About the Book

Title: Teen Titans: Raven (Teen Titans #1)
Published: 2019
Series: Teen Titans
Swoonworthy Scale: 7

Cover Story: Emo Chick
BFF Charm: Heck Yes
Talky Talk: Meet Cute
Arty Art: Fan-tastic
Bonus Factors: Series Starter, Voodoo
Anti-Bonus Factor: Betrayal?
Relationship Status: I’ll Be Your Janine

Cover Story: Emo Chick

This depiction of Raven is pretty spot-on: She’s a young woman with a lot on her mind. It’s a lovely rendering, and I love the small additions of the feather elements in her hair.

The Deal:

Rachel Roth’s friends call her Raven—or, at least, that’s what she’s heard. Raven doesn’t remember much since the car accident in which her foster mother died, but she’s trying to get back some semblance of a normal life. Being able to hear thoughts and sense emotions, however, plus the fact that she seems to be able to cause people to do things just by thinking of them, isn’t really helping.

BFF Charm: Heck Yes

BFF Charm Heck Yes - sparklier and shinier than the original BFF Charm

Although Raven likes to act standoffish, and her empathic abilities make her want to avoid people and their loud thoughts, she’s a really lovely person underneath all the bristle—even if she can’t remember her true self. And when her secrets out, and she realizes who she really is, she’s even better. Powerful, self-confident, and caring. Exactly the qualities I look for in a friend.

Swoonworthy Scale: 7

When Raven meets Tommy Torres, she’s immediately interested, but tries to keep him at an arm’s length. Tries being the operative word. But Raven’s not the only one with secrets …

Talky Talk: Meet Cute

Like all of DC’s other forays into YA, Teen Titans: Raven is a new teenage origin story for a character who’s familiar to comic and cartoon fans. I know Raven from Teen Titans Go!, a super goofy cartoon (but not that cartoon), and so I knew a little about her story before diving into the book. But Garcia’s written a compelling and fresh version of Raven’s backstory, and I loved getting to read about her on her own, separate from her team.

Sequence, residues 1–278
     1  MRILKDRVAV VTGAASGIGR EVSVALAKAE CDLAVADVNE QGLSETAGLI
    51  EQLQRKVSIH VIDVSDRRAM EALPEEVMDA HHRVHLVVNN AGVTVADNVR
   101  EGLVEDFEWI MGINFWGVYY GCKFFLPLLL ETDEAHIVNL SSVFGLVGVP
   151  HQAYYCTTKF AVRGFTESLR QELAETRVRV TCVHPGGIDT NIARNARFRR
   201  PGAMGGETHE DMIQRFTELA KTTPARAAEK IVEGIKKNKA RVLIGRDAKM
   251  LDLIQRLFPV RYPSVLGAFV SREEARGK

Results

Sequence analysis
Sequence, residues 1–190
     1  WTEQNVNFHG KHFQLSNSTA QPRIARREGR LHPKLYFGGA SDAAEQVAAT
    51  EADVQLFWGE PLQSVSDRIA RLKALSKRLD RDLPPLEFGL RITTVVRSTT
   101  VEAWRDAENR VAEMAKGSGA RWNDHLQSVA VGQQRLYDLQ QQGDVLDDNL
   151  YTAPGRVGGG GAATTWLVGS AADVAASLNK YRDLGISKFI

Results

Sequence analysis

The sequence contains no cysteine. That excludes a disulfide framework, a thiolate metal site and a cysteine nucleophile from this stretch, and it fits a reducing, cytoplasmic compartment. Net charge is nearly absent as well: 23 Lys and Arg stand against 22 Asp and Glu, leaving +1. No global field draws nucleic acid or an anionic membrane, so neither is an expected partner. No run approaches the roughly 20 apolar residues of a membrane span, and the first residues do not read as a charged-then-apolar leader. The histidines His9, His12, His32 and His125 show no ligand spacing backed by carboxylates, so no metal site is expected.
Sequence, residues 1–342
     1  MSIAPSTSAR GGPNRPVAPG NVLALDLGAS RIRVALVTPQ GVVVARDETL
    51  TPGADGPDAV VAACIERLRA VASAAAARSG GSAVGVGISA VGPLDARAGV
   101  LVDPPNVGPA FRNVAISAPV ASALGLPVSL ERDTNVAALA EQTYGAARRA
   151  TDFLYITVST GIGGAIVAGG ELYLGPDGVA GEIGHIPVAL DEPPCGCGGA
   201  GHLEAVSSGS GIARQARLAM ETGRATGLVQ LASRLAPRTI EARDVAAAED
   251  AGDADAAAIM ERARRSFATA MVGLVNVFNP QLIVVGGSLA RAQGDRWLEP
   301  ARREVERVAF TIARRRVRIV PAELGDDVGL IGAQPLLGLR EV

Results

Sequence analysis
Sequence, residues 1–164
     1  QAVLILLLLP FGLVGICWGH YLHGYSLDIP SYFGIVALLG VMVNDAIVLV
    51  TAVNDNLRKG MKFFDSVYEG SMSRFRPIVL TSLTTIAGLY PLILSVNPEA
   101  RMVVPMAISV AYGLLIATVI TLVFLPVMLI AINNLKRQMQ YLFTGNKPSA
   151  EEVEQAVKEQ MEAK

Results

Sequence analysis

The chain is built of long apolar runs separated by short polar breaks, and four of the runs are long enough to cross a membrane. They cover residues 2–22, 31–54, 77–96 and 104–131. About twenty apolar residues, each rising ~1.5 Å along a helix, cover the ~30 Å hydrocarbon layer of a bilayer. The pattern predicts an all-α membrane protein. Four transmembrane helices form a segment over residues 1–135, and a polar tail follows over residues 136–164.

The book is also delightfully feminist and inclusive, with ladies being the badasses who save the day and a variety of diversity—race, sexuality, physical ability—included in the story.

Arty Art: Fan-tastic

Gabriel Picolo is well known in fan circles for his art, specifically his fan art featuring the members of the Teen Titans. So he was the perfect pick to illustrate this book, and he does a brilliant job at bringing this version of Raven to life. He leans heavily on purples and blacks (two of Raven’s traditional colors), but includes a few other colors to emphasize certain panels or pages. His art is dramatic without being overly moody and looks like it belongs on the CW (i.e., everyone’s attractive).

Bonus Factor: Series Starter

Stack of YA book series

Teen Titans: Raven is the first in a series by Garcia and Picolo that will eventually introduce all of the Titans and maybe explain how they become a team. I’m looking forward to the rest of the books!

Bonus Factor: Voodoo

Raven’s new family lives in New Orleans, and voodoo is a big part of their lives. Although the book doesn’t go too deeply into the practice, it’s a nice added element to Raven’s story, and fits nicely with her truths.

Anti-Bonus Factor: Betrayal?

Cropped section of Vincenzo Camuccini's The Death of Julius Caesar, Julius being stabbed by Brutus and his followers

I can’t say much without spoiling a major plot point, but it’s not a nice thing [REDACTED] does to {REDACTED}, but there’s maybe a reason for it that makes it somewhat OK?

Relationship Status: I’ll Be Your Janine

I’m no superhero, Book, but I think I’d be useful to your team, when you eventually find each other. Until then, I’m happy to answer the phones, do the books—whatever behind the scenes things you need me to do so that you can focus on saving the day, I’m good with.

Literary Matchmaking

Mera: Tidebreaker

For more original origin stories, check out the first in DC’s YA books: Mera: Tidebreaker by Danielle Paige and Stephen Byrne.

Under the Moon: A Catwoman Tale

Follow that up with Under the Moon: A Catwoman Tale by Lauren Myracle and Isaac Goodhart.

Supergirl: Being Super

And for another fun DC superheroine story, check out Mariko Tamaki and Joëlle Jones’s Supergirl: Being Super.

FTC Full Disclosure: I received a copy of this book from DC Ink, but got neither a private dance party with Tom Hiddleston nor money in exchange for this review. Teen Titans: Raven is available now.

Mandy (she/her) is a manager at a tech company who lives in Austin, TX, with her husband, son, and dogs. She loves superheroes and pretty much any show or movie with “Star” in the name.